The Effect of State Taxes on the Geographical Location of Top Earners: Evidence from Star Scientists
In the U.S., personal and business taxes vary enormously from state to state. While these differences have the potential to affect the geographical location of highly skilled workers and employers across the country, evidence on their effects is limited. We uncover large, stable, and precisely estimated effects of personal and corporate taxes on star scientists’ migration patterns. The long run elasticity of mobility relative to taxes is 1.8 for personal income taxes and 1.9 for state corporate income tax. While there are other factors that drive when innovative individual and innovative companies decide to locate, there are enough firms and workers on the margin that state taxes matter.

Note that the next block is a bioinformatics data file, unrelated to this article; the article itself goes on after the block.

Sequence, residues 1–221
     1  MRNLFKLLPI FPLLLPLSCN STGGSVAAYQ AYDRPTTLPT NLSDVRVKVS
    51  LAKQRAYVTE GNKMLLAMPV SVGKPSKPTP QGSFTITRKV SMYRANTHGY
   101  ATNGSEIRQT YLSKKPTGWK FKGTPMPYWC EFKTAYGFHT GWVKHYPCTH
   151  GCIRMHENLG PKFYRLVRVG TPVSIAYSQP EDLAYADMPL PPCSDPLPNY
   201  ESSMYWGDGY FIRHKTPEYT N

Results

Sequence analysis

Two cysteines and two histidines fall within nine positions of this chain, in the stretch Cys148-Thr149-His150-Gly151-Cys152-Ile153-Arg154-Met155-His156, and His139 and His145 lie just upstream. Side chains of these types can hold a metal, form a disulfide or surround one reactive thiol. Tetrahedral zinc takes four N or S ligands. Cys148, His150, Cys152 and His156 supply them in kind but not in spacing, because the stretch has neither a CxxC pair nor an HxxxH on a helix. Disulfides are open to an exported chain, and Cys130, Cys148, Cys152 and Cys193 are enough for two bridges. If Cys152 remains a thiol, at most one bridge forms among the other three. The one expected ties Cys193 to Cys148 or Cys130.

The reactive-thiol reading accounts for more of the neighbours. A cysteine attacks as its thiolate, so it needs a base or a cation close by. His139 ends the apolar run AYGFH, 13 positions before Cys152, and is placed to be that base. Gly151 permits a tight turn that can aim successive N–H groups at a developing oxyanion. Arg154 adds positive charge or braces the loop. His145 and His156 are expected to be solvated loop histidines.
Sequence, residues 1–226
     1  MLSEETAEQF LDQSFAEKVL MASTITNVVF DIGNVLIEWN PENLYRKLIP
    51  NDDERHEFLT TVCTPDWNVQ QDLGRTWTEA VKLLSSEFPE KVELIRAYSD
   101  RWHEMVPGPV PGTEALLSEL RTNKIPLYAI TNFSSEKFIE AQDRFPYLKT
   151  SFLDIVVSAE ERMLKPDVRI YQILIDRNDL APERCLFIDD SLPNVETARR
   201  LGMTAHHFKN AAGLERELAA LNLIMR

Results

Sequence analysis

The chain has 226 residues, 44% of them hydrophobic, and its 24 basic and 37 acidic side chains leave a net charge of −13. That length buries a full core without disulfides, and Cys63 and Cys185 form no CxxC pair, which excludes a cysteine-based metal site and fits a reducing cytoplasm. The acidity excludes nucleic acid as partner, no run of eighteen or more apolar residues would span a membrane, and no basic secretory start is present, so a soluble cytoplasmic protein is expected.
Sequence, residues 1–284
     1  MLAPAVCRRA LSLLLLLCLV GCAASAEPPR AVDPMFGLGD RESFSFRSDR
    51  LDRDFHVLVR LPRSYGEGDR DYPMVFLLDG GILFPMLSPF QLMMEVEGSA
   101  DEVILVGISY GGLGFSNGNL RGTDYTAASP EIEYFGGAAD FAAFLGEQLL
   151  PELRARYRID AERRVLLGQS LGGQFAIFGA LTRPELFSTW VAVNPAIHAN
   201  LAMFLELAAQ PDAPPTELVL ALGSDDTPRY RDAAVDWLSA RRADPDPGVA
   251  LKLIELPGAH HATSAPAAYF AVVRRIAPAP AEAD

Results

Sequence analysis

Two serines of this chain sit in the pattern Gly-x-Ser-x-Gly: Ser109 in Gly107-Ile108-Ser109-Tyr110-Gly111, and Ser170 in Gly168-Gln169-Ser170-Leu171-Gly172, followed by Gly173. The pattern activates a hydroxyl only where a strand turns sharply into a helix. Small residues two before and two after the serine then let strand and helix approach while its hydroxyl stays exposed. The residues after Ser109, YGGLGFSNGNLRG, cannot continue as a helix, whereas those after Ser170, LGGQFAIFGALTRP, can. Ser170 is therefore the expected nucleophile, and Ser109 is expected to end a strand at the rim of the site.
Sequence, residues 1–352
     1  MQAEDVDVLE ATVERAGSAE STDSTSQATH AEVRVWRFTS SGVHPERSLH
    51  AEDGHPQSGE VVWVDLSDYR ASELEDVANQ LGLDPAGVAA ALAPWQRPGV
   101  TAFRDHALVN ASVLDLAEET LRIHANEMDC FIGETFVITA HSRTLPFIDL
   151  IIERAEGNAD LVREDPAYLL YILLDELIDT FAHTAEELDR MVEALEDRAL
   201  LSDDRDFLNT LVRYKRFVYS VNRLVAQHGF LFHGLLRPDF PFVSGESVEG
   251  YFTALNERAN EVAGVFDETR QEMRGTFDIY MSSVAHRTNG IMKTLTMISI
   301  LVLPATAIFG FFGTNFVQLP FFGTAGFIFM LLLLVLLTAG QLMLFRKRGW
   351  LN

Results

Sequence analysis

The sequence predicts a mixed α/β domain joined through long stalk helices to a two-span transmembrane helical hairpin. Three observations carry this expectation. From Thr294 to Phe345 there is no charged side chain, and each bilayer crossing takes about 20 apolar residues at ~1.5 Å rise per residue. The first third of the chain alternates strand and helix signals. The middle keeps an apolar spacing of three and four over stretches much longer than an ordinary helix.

Enrico Moretti is the Michael Peevy and Donald Vial Professor of Economics at the University of California, Berkeley. He serves as the Editor in Chief of the Journal of Economic Perspectives and is a Visiting Scholar at the Federal Reserve Bank of San Francisco. He is also Research Associate at the National Bureau of Economic Research (Cambridge), Research Fellow at the Centre for Economic Policy Research (London) and the Institute for the Study of Labor (Bonn).
Co-sponsored with Department of Economics
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